Le 10/06/2011 10:20, Dennis Hendriks a écrit :
> Hi Luc,
Hi Dennis,
>
> Thanks for your quick reply. It would be a possible solution.
>
> I decided to familiarize myself with the internals of the code that is
> used, in order to better understand what code is responsible for the
> root finding. I found the org.apache.commons.math.analysis.solvers
> package, at
> http://commons.apache.org/math/api2.2/org/apache/commons/math/analysis/solvers/packagesummary.html.
> In particular, the UnivariateRealSolver interface seems to be the
> interface for all rootfinding algorithms.
Yes.
>
> I also found the EventState class
> (http://svn.apache.org/viewvc/commons/proper/math/tags/MATH_2_2/src/main/java/org/apache/commons/math/ode/events/EventState.java?view=markup)
> which at line 242 creates an instance of the BrentSolver to use as
> rootfinding algorithm. It seems that the BrentSolver rootfinding
> algorithm is hardcoded, and no other rootfinding algorithm can be used
> to find state events...
Yes, it is hardcoded.
>
> I was wondering if there is any possibility to use another rootfinding
> algorithm for state event detection during ODE solver integration. That
Allowing to customize this would be an improvement. This should be
done at integrator level probably using a setEventRootSolver method for
example and passed down to EventState. The EventState class by itself is
not managed by users. Also this method should be implemented for all
integrators types, not only GraggBulirschStoer, but it is quite simple.
> would allow me to create my own UnivariateRealSolver implementation that
> does guarantee that the point returned never undershoots the state
> event. I believe that would be the preferred solution to my initial
> problem.
Yes, it is a better solution. If you think you could contribute the
library change, do not hesitate to open an issue in our tracker and
attache a patch to it.
Thanks,
Luc
>
> Best regards,
> Dennis
>
>
>
>
> luc.maisonobe@free.fr wrote:
>>  "Dennis Hendriks" <D.Hendriks@tue.nl> a écrit :
>>
>>> Hi all,
>>
>> Hi Dennis,
>>
>>> I have the following (simplified) ODE problem:
>>>
>>> V(0) = 10.000000645817822
>>> V' = sqrt(V)
>>>
>>> and the following state event:
>>>
>>> V <= 2.0
>>>
>>> Using:
>>>
>>> t = 6.6845103160078425
>>> GraggBulirschStoerIntegrator(1e10, 100.0, 1e10, 1e10)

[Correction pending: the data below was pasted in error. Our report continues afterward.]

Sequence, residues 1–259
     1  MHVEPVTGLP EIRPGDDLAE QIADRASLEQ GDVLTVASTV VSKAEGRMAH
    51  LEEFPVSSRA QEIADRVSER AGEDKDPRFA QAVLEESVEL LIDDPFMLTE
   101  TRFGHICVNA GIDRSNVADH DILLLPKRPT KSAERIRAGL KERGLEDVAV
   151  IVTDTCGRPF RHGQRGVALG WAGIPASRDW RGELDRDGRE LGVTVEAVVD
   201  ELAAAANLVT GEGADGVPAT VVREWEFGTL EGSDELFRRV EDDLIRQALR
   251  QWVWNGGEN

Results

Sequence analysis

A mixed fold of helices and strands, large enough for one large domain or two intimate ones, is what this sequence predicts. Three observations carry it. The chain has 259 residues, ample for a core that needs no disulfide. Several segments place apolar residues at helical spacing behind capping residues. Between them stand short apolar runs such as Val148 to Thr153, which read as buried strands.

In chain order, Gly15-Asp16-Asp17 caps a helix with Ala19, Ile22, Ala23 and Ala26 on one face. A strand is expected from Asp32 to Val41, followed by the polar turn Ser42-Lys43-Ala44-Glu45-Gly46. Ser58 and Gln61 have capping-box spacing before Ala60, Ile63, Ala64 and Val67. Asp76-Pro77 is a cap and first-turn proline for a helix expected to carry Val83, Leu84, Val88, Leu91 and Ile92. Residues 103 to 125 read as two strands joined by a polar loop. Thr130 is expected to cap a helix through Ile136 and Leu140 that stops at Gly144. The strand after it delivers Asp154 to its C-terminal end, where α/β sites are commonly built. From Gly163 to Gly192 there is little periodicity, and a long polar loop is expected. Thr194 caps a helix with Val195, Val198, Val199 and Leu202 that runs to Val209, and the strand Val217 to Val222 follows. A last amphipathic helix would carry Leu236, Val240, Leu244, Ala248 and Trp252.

>>> integrator.addEventHandler(event, 100.0, 1e10, 999)
>>>
>>> I obtain the last time point as:
>>>
>>> t = 10.180638128882343
>>> V = 2.000000830098894
>>> V' = 1.414213855857346
>>>
>>> For this last time point, V <= 2.0 does not hold. In my previous
>>
>> What you experience here is that convergence is reached on the side of
>> the root you don't want.
>> From a pure event root finder point of view, there is no guarantee
>> about the
>> side at which the solver will stop. You can reduce the convergence
>> threshold, of course,
>> but it will only make the undershoot smaller, it will not always
>> prevent it.
>>
>>> experiences with DDASRT (DAE solver written in Fortran, see
>>> http://www.netlib.org/ode/ddasrt.f), it was actually guaranteed that
>>> integration would go PAST the state event.
>>>
>>> So, my question is: Is there any way to force integration PAST the
>>> state event, to make sure that afterwards the V <= 2.0 condition
>>> actually
>>> holds? In other words, is it possible to make sure it stops PAST the
>>> state
>>> event, instead of sometimes PAST it and sometimes BEFORE it?
>>
>> I would suggest to use a StepHandler in addition to the EventHandler,
>> and to
>> retrieve the final result from the step handler instead of the ODE
>> itself.
>> This means, instead of:
>>
>> integrator.addEventHandler(...);
>> double tEnd = integrator.integrate(...);
>>
>> you would use:
>>
>> integrator.addEventHandler(...);
>> integrator.addStepHandler(mySpecialStepHandler);
>> integrator.integrate(...);
>> double tEnd = mySpecialStepHandler.getTend();
>> double[] yEnd = mySpecialStepHandler.getY();
>>
>> with myStepHandler being a local class of your own with an
>> implementation like:
>>
>> public class MyStepHandler implements StepHandler {
>>
>> double tEnd;
>> double[] y;
>>
>> public boolean requiresDenseOutput() {
>> return true;
>> }
>>
>> public void reset() {
>> }
>>
>> public void handleStep(StepInterpolator interpolator, boolean isLast) {
>> if (isLast) {
>> tEnd = interpolator.getCurrentTime();
>> while (true) {
>> interpolator.setInterpolatedTime(tEnd);
>> yEnd = interpolator.getInterpolatedState();
>> if (yEnd[0] <= 2) {
>> return;
>> }
>>
>> // we are on the wrong side, slightly shift end time
>> double[] yEndDot = interpolator.getInterpolatedDerivatives();
>> tEnd += (yEnd[0]  2) / yEndDot[0];
>>
>> }
>> }
>> }
>>
>> public double getTend() {
>> return tEnd;
>> }
>>
>> public double[] getYend() {
>> return yEnd;
>> }
>>
>> }
>>
>> The trick here is that the interpolator can be used slightly out of
>> the current step,
>> so slightly shifting the end date after it has been computed of the
>> order of magnitude
>> of the convergence threshold in the event handler is safe.
>>
>> It is guaranteed that the event handler is called after the step
>> handler, in fact it is
>> exactly because we need to make sure the isLast boolean is properly
>> set to true when an
>> events ask the integrator to stop.
>>
>>> Any help would be greatly appreciated.
>>
>> Hope this helps,
>>
>> Luc
>>
>>> Thanks,
>>> Dennis
>>>
>>> 
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